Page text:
So this new infusion of capital that you’re going to get from becoming a publically traded company, how is that going to change your ability to bring new products to market or even your channel play beyond your 2,800 independent dealers. To be able to broaden out and to become more mainstream, obviously you have to grown beyond them. Is there anything you can tell about how this is going to enable you to accomplish that initiative.
We’re going to continue to grow. I think having a strong balance sheet enables us to take on ideas that may be a little bit bigger than before, but we’re still going to do things in a step-by-step manner in a highly judicious way. We have the responsibility to report to public shareholders, so we have to be very diligent with the use of all of our assets, our employees, our cash, our technology, our channel, and we intend to continue to do that. I can’t say that there’s no change, but our focus remains steadfast.
What kinds of differences may a custom integrator notice from the company in the near term. Will there be anything that stands out as different other seeing a ticker symbol next to the company’s name?
I think in the near we’ll continue to execute on our existing product plan. We don’t have any intention, near-term, mid-term, or long-term, to deviate from having the powerful, skilled channel to deliver our products into local communities. We think that is a necessary part of our strategy to provide local services in the communities where our customers live, and we’ll continue to bring great products, better products, improve our existing ones, deliver new ones that are innovative. And we would do that as a private company or public company. I hope that what the dealers see in us is a continued progression of improvement and acceleration and it’s really independent of whether we’re public or private.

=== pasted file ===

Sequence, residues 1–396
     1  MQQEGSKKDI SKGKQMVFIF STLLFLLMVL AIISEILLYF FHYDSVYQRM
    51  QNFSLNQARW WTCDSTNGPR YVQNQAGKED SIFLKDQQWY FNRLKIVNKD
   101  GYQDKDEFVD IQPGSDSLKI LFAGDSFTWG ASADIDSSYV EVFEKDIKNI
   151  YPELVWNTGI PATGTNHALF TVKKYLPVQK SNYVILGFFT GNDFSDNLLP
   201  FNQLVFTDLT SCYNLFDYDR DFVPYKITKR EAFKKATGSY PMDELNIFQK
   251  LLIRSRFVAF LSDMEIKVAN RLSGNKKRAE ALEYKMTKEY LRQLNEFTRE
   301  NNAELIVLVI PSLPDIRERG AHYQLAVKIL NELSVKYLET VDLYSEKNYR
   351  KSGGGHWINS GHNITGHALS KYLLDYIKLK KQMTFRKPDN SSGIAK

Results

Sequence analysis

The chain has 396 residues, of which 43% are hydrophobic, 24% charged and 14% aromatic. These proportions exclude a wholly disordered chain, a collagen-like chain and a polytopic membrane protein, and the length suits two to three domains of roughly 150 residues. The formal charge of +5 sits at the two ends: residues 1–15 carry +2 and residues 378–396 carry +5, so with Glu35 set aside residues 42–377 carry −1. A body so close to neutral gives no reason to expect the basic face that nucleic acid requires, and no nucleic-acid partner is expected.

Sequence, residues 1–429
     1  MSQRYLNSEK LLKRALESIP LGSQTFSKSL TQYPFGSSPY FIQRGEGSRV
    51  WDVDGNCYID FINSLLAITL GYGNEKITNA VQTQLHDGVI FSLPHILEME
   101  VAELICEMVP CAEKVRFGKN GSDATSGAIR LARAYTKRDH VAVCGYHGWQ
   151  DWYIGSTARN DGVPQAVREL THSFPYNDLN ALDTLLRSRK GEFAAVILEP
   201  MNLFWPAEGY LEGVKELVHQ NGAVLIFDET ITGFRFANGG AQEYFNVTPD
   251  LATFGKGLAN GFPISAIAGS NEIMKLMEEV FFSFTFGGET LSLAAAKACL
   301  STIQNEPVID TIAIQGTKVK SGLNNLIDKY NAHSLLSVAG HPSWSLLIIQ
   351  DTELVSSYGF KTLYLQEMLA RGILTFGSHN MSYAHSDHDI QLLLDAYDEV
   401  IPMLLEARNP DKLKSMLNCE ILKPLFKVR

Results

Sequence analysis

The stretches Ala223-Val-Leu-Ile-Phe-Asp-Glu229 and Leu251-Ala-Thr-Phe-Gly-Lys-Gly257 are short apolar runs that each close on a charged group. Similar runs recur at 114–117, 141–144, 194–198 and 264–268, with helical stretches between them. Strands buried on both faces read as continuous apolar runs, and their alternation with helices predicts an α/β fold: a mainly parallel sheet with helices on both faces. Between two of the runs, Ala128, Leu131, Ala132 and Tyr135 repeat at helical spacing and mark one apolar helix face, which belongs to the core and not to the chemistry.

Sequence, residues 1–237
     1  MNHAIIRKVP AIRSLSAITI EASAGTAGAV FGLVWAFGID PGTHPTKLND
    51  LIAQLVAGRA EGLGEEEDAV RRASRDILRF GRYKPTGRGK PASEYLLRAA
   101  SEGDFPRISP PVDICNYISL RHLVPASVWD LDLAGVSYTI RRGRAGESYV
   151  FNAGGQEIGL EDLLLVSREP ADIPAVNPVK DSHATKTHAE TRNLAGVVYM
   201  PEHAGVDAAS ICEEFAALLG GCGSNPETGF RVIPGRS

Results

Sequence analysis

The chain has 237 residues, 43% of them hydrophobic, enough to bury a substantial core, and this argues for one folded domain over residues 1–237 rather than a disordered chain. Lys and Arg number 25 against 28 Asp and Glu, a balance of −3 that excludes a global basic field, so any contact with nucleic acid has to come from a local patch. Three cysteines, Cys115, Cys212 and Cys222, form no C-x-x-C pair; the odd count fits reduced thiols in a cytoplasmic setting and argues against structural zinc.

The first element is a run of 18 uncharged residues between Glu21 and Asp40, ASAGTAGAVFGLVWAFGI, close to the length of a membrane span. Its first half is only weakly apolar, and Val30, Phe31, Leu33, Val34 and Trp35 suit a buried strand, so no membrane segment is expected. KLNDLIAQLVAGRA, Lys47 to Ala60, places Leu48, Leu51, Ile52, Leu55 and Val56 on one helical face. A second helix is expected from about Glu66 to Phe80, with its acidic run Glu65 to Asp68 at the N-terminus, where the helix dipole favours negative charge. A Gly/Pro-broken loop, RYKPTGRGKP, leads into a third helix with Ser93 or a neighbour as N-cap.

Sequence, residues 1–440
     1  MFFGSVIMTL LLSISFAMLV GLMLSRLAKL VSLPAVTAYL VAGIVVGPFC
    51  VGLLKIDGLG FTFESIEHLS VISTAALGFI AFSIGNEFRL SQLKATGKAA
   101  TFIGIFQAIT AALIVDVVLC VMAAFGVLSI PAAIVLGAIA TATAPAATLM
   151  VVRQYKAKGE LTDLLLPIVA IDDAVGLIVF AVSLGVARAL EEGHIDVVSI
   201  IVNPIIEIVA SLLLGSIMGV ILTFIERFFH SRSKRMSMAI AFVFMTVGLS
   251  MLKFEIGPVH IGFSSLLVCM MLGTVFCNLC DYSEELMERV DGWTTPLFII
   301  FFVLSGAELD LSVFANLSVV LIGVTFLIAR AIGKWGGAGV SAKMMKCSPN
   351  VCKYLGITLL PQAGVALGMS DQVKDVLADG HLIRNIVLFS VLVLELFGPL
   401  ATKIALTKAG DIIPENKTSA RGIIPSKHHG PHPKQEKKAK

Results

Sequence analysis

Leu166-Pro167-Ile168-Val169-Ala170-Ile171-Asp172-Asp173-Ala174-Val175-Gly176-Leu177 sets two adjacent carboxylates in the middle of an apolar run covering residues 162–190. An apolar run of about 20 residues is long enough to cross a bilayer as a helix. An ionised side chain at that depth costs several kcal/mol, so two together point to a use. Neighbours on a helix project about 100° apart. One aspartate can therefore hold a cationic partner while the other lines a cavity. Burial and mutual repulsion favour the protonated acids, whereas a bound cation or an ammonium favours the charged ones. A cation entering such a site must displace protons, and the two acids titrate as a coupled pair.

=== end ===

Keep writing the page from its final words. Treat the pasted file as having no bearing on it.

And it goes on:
When is the timing right to do this? Is this something you plan for years, getting your books in order, or is there a sense the company gets and you start preparing then?
Well, there is no spontaneity to this process. It’s one that requires deliberate preparation, long before you even start the formal process of becoming a public company. And we began that many years ago and we thought that we were ready to begin that process in December 2012 and it took us seven and half months of executing the logistics of going through that actual mechanical process of becoming a public company. But in parallel we had started on internal processes and internal culture development on being predictable, consistent, and high quality on everything we do—products, service, finance, forecasts. Being public is a responsibility.
When you came on board was this immediately presented to you as the company’s goal or did it develop well after you were in the company?
I think the step of becoming public was always known inside Control4. I think what it meant to be ready was not always clear, but as we worked together lots of pieces came into the right place. There were lots and lots of pieces within Control4 that were rock-solid foundational elements and they just needed some tuning and some alignment, and as we began working together those things became clear and when we sat down as a management team, we made the decision that we were ready and that we want the extra tools of a stronger balance sheet and a public currency to augment all of the technical and business tools we had to grow the business. There are no selling shareholders. None of the investors in our company sold shares. They’re all bullish on the opportunity ahead. This was not about liquidity for anybody. Nobody’s going to the Bahamas. This is all about continuing to build a really great company and transferring the opportunity of home automation into an industry.